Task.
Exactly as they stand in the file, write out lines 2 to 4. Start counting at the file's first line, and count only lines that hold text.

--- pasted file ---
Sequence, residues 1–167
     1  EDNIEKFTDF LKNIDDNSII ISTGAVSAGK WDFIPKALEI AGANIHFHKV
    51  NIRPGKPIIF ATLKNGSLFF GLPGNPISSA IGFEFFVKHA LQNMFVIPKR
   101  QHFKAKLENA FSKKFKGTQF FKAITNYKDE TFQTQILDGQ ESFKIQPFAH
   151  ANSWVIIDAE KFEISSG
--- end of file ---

     1  EDNIEKFTDF LKNIDDNSII ISTGAVSAGK WDFIPKALEI AGANIHFHKV
    51  NIRPGKPIIF ATLKNGSLFF GLPGNPISSA IGFEFFVKHA LQNMFVIPKR
   101  QHFKAKLENA FSKKFKGTQF FKAITNYKDE TFQTQILDGQ ESFKIQPFAH